The Presidential Seal is the official symbol of the office of the President of the United States. It includes the President’s coat of arms, an eagle on the great seal, a ring of stars and the words, Seal of the President of the United States.
Description and Symbols
The eagle’s right (or dexter) talon clutches an olive branch with 13 olives and 13 leaves to represent peace. The left (or sinister) talon clutches arrows which represent the need sometimes to go to war to protect the nation.
The eagle holds a ribbon bearing the words “E Pluribus Unum,” the motto of the U.S., which means “out of many, one.” The number 13 is used to represent the 13 original colonies.
A shield in front of the eagle has 13 red and white stripes, again representing the colonies, with a blue bar above, representing both the unity of colonies into one nation and Congress, which makes laws for all.
Above the eagle is a “glory Or” or halo of gold. In it are 13 white clouds, 13 white stars and many tiny stars. The 50 stars on a field of deep blue circle the eagle and represent the 50 states. The words, "Seal of the President of the United States" surround the seal on a tan field.
Today it is used on all correspondence from the president and as a symbol of the presidency. The seal is often seen on the podium where the president speaks, on the side of the Air Force One, Marine One, and the limousine in which the president rides. It is mounted in the center of Oval Office ceiling and on the iconic rug on the Oval Office floor. When the President leaves the Blue Room to speak to the media, the seal is visible mounted above the doorway. One may also see the seal on the reverse side of the Kennedy half dollar.
The origins of the seal are vague, but it is believed to have originated with the seal used by the President of the Continental Congress, a small oval with a constellation of 13 stars surrounded by clouds. It was used to seal envelopes containing correspondence sent to the Continental Congress. There is no documented history of the changes made to the seal over time, although a seal used by Andrew Jackson appears to have been similar: a small, round, red wax seal with a circle of clouds. The rest of the design is lost.
The first documented work on the design was by President Millard Fillmore, in 1850. He sketched a drawing of an eagle "displayed with wings inverted," that is, with its wingtips pointed down, holding an olive branch and three arrows.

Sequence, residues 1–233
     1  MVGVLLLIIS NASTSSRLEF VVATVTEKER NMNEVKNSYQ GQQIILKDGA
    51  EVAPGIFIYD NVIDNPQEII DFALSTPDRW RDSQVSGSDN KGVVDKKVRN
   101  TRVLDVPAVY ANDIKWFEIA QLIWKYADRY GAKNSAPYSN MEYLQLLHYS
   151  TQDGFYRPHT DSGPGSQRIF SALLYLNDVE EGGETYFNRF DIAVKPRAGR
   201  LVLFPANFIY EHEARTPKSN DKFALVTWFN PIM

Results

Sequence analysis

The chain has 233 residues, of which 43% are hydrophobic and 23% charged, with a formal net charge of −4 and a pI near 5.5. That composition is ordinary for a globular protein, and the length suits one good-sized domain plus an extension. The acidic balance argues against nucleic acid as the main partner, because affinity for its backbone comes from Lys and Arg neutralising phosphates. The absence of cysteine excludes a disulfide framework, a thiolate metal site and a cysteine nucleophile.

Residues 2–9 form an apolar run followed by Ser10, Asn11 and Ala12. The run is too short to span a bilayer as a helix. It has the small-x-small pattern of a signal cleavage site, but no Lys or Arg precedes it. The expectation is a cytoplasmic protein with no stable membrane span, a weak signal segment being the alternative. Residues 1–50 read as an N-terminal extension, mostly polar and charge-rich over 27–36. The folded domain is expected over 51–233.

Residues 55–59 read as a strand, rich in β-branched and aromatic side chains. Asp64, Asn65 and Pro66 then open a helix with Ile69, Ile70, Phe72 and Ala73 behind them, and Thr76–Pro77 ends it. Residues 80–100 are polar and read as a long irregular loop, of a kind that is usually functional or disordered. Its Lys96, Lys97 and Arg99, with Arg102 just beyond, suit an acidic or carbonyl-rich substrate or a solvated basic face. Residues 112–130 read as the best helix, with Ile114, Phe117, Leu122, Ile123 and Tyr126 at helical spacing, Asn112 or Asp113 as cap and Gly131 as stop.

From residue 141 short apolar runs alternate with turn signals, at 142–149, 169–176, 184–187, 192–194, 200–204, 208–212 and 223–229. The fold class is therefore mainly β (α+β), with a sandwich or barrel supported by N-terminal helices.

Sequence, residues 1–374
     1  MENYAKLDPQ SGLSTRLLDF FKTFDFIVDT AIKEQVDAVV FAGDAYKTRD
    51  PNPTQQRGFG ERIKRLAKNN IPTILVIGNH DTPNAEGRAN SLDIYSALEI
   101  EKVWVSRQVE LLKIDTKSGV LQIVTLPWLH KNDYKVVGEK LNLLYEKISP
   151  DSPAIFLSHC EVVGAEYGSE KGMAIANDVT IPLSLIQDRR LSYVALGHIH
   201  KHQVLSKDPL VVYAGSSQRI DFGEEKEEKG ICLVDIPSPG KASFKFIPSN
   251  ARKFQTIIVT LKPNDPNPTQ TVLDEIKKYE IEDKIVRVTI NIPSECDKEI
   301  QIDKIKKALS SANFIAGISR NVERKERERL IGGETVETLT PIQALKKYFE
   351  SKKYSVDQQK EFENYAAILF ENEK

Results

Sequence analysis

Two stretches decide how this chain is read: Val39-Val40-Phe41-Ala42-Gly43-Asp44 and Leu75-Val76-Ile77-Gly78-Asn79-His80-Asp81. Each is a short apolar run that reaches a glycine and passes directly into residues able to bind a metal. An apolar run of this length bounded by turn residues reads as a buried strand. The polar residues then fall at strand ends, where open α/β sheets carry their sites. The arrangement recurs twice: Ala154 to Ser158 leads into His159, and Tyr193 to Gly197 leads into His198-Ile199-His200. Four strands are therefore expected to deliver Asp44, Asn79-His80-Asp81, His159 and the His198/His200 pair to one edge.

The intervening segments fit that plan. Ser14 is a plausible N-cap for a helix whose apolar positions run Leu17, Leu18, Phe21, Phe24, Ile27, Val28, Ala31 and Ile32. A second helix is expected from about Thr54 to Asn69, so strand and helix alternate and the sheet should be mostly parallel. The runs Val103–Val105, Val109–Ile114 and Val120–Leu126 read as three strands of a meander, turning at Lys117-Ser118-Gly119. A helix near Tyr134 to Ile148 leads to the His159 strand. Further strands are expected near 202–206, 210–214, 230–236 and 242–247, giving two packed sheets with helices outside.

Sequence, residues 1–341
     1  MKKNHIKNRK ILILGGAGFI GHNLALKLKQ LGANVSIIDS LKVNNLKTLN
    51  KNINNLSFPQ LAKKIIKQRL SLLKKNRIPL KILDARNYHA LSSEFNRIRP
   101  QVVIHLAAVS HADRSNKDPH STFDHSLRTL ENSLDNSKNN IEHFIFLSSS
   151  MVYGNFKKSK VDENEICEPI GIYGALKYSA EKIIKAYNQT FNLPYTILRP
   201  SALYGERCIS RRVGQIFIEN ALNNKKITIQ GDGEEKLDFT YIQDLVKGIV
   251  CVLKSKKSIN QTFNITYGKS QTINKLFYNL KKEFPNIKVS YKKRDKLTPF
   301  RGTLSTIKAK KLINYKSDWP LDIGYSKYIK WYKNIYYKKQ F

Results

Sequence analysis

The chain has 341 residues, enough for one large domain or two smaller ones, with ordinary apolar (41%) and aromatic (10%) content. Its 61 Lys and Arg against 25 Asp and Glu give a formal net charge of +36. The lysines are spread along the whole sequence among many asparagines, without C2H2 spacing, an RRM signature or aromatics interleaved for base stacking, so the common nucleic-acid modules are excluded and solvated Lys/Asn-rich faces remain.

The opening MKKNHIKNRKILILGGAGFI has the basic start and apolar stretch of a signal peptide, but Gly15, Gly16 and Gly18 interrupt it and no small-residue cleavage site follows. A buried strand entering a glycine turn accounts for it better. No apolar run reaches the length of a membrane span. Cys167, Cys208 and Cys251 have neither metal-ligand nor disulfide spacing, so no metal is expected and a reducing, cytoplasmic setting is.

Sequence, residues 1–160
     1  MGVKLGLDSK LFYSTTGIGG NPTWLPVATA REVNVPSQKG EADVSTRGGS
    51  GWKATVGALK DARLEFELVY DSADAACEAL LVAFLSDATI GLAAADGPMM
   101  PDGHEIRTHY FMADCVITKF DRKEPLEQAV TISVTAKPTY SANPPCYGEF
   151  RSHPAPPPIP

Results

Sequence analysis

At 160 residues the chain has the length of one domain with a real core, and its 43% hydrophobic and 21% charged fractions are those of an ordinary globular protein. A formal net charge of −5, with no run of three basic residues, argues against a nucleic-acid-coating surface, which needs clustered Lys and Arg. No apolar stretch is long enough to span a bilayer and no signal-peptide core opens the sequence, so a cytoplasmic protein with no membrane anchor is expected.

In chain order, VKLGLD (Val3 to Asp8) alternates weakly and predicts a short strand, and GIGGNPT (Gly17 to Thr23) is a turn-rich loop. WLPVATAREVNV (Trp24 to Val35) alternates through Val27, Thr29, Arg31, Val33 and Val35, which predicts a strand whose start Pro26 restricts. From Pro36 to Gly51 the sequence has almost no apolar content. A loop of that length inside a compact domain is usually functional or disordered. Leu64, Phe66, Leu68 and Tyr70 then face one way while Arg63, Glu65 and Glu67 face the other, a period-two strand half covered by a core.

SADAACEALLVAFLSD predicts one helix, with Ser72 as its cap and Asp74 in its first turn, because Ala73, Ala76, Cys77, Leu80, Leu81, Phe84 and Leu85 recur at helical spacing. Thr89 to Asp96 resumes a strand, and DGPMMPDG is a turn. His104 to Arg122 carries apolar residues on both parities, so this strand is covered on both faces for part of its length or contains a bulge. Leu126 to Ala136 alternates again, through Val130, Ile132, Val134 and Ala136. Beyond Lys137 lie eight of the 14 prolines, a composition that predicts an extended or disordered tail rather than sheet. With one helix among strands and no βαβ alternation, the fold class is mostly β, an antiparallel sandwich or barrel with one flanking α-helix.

Edward Stabler, a postmaster in Sandy Spring, Maryland, who had made other seals for the Senate and Congress, made a seal with 31 stars, after California became a state in 1850. Daniel S. Lamont, President Cleveland’s secretary, described a smaller one with 27 stars, called “the old seal.” The arc of the clouds on these seals is similar to Indian Peace Medals that Washington distributed during his presidency.
President Rutherford B. Hayes was the first to use the seal, putting it on invitations to White House events.
In 1945, President Harry Truman began making important changes throughout the U.S. government, including changes to the Presidential Seal.
He ordered that the eagle be changed to face the olive branch, rather than the arrows. At the time, Truman was creating the Defense Department to replace the former War Department and Navy Department, and he wanted the seal to reflect an emphasis on the pursuit of peace.
An earlier (pre-Truman) version in bronze sits above door to Diplomatic Reception Room. In 1903, this bronze seal was embedded in the floor in White House entrance hall, underneath the lantern. President Truman dislike seeing visitors walking on the seal and had it moved during the renovations of 1948-52.
That earlier version is on the “Resolute desk” in the oval office. Queen Victoria of England gave the desk to President Hayes in 1880, but it had no front panel. President Franklin Roosevelt requested that a panel be inserted in the knee hole of the desk to hide the fact that he was sitting in a wheel chair.
The current design was defined in an executive order by President Eisenhower in 1960, when Hawaii became the 50th state and the 50th star was added to the seal.